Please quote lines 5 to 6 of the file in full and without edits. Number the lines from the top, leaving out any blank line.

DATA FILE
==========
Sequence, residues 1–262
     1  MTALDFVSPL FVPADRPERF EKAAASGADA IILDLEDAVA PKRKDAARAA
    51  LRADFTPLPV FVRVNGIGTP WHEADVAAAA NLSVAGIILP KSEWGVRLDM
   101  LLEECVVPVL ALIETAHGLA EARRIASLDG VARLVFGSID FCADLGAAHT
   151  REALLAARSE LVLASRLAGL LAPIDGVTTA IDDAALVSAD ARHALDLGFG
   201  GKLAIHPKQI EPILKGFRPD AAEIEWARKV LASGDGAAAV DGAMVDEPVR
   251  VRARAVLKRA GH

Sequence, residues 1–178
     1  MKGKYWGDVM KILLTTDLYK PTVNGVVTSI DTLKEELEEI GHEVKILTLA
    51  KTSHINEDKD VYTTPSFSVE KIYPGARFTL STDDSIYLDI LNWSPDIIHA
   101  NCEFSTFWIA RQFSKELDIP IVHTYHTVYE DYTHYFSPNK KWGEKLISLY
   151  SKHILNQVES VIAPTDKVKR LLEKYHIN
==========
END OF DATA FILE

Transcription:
   151  REALLAARSE LVLASRLAGL LAPIDGVTTA IDDAALVSAD ARHALDLGFG
   201  GKLAIHPKQI EPILKGFRPD AAEIEWARKV LASGDGAAAV DGAMVDEPVR